My wife just started reading "Battle Hymn of the Tiger Mother", a book written by a Chinese mother who talks about the pros and cons of the high-pressure and rigid parenting style of some Chinese parents.

In discussing the book with my wife, I started thinking about high-pressure vs. low-pressure parenting. One of the arguments for pressure are that children will often say they are not interested in something, or will be lazy about things such as practice and homework. I've experienced this first hand with all of my children. They are frequently reluctant to start learning something new, but after you force them to do it for a while, they get over the initial hurdles, then it gets easier.

But how much pressure is too much, and how little pressure is too little? What differentiates consistency from pressure?

Also, how do we decide what educational areas should have more pressure than others? Obviously if a child says that they don't feel like learning how to read or how to do math, because they don't want to do homework, you have to follow through and make them do it. Anything else would be irresponsible, because those are mandatory curriculum for any legitimate school. But what if the child makes the same excuse with learning piano. Is it equally as irresponsible to let them quit playing piano because they don't want to practice? Arguably, if your child grows up to be a professional musician, the music lessons are much more important to his/her education than math was.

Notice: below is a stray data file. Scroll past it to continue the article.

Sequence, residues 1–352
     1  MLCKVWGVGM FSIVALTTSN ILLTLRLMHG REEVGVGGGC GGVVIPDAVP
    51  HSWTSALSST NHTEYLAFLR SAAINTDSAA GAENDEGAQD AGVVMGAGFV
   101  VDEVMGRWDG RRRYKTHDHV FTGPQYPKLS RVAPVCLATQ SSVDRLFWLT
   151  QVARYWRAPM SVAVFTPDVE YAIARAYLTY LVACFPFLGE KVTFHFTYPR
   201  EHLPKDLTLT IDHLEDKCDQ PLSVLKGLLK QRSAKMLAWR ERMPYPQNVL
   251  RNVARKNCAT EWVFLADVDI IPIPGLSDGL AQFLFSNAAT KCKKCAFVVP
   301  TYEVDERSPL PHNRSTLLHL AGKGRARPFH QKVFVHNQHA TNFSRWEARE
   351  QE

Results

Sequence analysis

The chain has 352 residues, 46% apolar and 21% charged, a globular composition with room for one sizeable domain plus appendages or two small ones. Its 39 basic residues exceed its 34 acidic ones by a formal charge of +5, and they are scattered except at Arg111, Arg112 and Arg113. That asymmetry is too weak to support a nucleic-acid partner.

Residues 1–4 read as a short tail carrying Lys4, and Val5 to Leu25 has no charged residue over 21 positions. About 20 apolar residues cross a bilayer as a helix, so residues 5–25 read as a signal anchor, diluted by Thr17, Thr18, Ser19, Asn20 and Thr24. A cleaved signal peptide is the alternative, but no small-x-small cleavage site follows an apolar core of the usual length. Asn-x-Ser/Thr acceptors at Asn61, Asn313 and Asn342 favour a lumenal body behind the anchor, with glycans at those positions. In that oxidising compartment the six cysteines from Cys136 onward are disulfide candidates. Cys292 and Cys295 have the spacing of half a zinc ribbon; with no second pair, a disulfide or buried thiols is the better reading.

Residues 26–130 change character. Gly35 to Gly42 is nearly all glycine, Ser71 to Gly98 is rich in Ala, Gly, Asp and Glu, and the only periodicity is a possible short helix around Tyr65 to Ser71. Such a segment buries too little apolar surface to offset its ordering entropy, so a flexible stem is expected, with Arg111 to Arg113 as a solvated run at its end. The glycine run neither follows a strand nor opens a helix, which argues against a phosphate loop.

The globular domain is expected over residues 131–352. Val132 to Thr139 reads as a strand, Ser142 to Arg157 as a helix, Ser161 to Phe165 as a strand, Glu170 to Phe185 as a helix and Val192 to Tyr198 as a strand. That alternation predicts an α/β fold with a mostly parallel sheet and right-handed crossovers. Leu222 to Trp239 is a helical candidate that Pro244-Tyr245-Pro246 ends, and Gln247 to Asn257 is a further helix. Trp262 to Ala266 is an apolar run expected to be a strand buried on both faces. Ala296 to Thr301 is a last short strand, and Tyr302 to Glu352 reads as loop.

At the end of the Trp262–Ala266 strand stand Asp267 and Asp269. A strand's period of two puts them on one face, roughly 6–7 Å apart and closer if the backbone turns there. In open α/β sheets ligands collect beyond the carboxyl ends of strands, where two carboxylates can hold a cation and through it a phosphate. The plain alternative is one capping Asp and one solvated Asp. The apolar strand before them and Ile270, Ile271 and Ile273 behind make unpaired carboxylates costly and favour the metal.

I realize much of this could be subjective, so I'd prefer answers that have some sort of statistics or studies backing them.


5 Answers 5


There is an analog here, I think in focusing on anxiety to achieve specific external goals -- a high test score, a high GPA, a high SAT score, admittance to a prestigious university, etc.

Pressure might (or might not..) make children anxious in working towards these goals. How would that anxiety affect them?

155 3rd and 4th graders were divided into low test-anxious (LTA), middle test-anxious (MTA), or high test-anxious (HTA) groups on the basis of scores on the Test Anxiety Scale for Children. Students were then tested in small groups on age-appropriate arithmetic problems either under time pressure typical of current achievement testing or under no time pressure. HTA boys displayed poor performance under time pressure compared to their less anxious peers yet improved significantly when time pressure was removed, with HTA and MTA boys matching the performance of LTA boys. LTA boys and HTA girls performed better under time pressure.

(Source: Children's achievement strategies and test performance: The role of time pressure, evaluation anxiety, and sex)

So as expected, anxiety generally has a negative effect on performance. But there's a huge divide in sex, at least in this study! High test anxiety girls performed better under time pressure, whereas HTA boys did not. And what determines whether a child has low, medium or high anxiety toward a test? Certainly parental pressure would tend to make them more anxious overall, but what if the child has a naturally relaxed personality?

So already you can see the old adage being borne out, every child is different.

As for the parents, perhaps the balance between internal (intrinsic) and external motivation is something to consider. There are tons of studies that document how dangerous it is for adults to focus on extrinsic goals; pursuing such goals often actively harms the much more powerful intrinsic motivations that drive people to succeed in life.